* Eric Yaverbaum has been a regular on the talk show and lecture circuit for 25 years. You can find him everywhere from Good Morning America to Larry King and on the covers of USA Today, Forbes and Business Week. He has written five bestselling books, including Public Relations Kit For Dummies, Secrets of the WorldÆs Most Successful CEOs, and Everything Leadership, and ran the 11th ranked public relations agency in the country. Website:

Date: Thursday, September 24, 2009

Time: 5:30 to 8:00 PM (program/webcast starts at 6:00 PM Eastern time).

Place: CUNY Graduate School of Journalism, Room 308, 219 West 40th Street, New York City. Bring photo ID, which may be requested by CUNY staff.

Cost: $25 for members and guests; $35 for non-members; $5 for students. Sandwiches, soft drinks and desserts included in the price of admission. Sign up early — space is limited.

Reservation required to attend the program. Members’ signup:

Nonmembers can reserve at:

Viewing the live webcast is a free, members-only benefit. On the day of the program, check the members calendar page for the link:

Nonmembers can buy a download of this or previous programs for $10 each at the ASJA Store:

We hope to see you at the program!

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A freelance home where the buffalo roam?

A friend sent an email about his wonderful new house in Oklahoma. “We bought a 2,200 sq. ft. home on two acres for $120,000, with property taxes totaling $1,400 per year.”

Where I live, outside of Boston, my wife and I spent more than four times that amount for our somewhat smaller house. I sometimes wonder, would I pursue different sorts of stories if I weren’t paying Boston-baked bills?

Moving is a fantasy for me; my wife has a good job here, as well as family. But if I were less attached, I could see moving some place like Las Vegas. The housing bust means property is cheap, and the airport features flights to all sorts of interesting destinations. It’s also an epicenter of the U.S. populace’s westward shift. A place like Pittsburgh offers cheap, solid neighborhoods and puts me in between the two publishing capitals, New York and DC. Or, as a former Michigander, I might move to the Detroit area. I found a 2,000 sq. ft., four-bedroom, two-bath house selling for $200,0000 in tony Grosse Pointe. There are far cheaper areas around Detroit than Grosse Pointe.

Another writer friend just did leave New York (well, New Jersey) for Bozeman, Mont. He bought his dream house for about what his modest house sold for, he dramatically lowered both his taxes and his living expenses, and there’s plenty for the kids to do.

True, none of these places would allow me to regularly rub shoulders with editors. But I’ve found that editors tend to make time for a cup of coffee when writers come from out of town. It’s clearly possible to have an established and successful freelance career outside of the major coastal centers. I have long possessed real estate envy for a friend who freelances from Durham, N.C. He doesn’t make as much income as I do, but he probably lives better.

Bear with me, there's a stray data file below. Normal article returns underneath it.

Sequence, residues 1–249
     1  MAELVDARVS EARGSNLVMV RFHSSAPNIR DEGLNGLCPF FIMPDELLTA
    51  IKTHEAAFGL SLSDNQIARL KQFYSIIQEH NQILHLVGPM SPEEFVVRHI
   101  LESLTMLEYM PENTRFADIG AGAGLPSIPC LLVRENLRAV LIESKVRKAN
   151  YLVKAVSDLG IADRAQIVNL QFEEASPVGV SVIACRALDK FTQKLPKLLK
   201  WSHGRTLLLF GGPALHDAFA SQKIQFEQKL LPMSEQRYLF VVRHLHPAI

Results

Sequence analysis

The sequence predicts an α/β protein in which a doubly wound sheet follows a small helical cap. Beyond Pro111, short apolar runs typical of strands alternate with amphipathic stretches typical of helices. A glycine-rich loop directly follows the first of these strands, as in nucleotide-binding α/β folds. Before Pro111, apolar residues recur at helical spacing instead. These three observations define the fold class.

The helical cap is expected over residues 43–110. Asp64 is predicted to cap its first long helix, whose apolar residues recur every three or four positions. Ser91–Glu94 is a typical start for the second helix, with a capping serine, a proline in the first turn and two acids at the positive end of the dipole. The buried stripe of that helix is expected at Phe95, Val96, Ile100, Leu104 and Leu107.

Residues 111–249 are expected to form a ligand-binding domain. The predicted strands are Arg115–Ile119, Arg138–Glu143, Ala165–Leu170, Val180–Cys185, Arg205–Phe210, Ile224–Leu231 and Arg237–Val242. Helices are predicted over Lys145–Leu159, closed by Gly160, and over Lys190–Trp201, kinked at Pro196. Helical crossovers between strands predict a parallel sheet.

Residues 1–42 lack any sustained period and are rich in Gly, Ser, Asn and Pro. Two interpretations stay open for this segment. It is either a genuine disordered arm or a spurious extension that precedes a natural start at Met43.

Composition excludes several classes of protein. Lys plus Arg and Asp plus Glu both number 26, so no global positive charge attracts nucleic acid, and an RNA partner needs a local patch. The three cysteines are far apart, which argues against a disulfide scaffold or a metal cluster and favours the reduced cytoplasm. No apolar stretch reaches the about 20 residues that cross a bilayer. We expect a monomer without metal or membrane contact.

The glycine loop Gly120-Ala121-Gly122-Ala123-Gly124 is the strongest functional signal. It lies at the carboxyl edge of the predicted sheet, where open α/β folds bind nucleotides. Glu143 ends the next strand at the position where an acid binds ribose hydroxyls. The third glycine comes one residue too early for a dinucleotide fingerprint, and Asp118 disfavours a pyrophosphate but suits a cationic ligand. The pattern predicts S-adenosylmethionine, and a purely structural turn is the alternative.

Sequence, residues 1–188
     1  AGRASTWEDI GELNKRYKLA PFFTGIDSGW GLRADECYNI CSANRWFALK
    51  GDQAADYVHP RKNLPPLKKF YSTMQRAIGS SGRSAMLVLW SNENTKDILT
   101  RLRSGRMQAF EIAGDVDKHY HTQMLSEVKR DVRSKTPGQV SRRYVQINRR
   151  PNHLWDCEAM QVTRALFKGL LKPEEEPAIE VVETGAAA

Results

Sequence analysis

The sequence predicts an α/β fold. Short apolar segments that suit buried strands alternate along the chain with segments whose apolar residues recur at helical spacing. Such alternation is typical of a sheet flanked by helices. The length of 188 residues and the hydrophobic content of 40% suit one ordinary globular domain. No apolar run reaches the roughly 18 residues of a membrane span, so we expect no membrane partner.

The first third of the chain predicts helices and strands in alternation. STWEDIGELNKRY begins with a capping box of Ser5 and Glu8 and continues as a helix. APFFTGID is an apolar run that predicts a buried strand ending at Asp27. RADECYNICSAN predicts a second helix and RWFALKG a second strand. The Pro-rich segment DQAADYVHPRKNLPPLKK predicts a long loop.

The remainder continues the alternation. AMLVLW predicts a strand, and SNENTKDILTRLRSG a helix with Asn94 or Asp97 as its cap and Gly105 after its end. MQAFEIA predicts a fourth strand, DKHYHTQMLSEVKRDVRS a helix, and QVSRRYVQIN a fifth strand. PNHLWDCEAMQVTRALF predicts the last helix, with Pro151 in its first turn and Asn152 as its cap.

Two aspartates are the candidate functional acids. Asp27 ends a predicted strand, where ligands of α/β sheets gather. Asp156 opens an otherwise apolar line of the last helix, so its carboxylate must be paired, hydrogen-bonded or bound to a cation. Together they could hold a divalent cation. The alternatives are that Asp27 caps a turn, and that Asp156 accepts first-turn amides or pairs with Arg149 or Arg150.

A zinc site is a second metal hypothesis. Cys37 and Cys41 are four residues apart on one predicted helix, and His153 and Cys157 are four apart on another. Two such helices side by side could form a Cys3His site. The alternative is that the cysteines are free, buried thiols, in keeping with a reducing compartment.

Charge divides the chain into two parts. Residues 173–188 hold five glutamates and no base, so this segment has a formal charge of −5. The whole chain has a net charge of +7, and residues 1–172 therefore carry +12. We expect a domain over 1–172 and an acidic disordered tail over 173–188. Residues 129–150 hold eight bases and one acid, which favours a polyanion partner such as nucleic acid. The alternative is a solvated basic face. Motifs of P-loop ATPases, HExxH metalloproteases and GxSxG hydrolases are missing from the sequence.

I’d love to hear what freelancers think about what it would mean to move away from pricey publishing centers like New York. Would it help your career or hurt it?

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Syracuse University’ S.I. Newhouse School of Public Communications will award four Carnegie/Newhouse School Legal Reporting Fellowships to support freelance journalists reporting on legal issues.

The $3,000 awards include paid student research assistants for each reporting fellow, which will give Newhouse students practical experience covering law and the courts. The fellowships are open to freelance journalists working in any medium with the intent of helping them pay out-of-pocket expenses.

“These days, freelancers covering legal issues need as much support as they can get,” said Roy Gutterman, director of the Newhouse School’s Carnegie Legal Reporting Program, and an assistant professor of communications law and journalism. “Offering the public thorough, comprehensive coverage of legal issues is an important function of the press and we want to help those efforts.”

Fellowship applications are available online at Application deadline is October 5. A panel of faculty members from the Newhouse School will choose the winners. Fellowship money and student research assistants will be available for the 2009-10 academic year.

Newhouse students will be invited to compete for the four research assistant positions, which carry a stipend. “Our students are the lifeblood of our university,” Gutterman said.  “Marrying up our students with members of the legal reporting press, provides a valuable outside-the-classroom experience.”

The Carnegie/Newhouse School Legal Reporting Fellowships are part of the Newhouse School’s Carnegie Legal Reporting Program. Supported by a grant from the Carnegie Corporation of New York and its Carnegie Journalism Initiative, the program provides a number of services designed to teach students about the workings of the American legal system and the role of the news media in covering the law. Additional funding for this year’s fellowships is provided by IJPM.

For more information, contact Gutterman (315) 443-3523 or or visit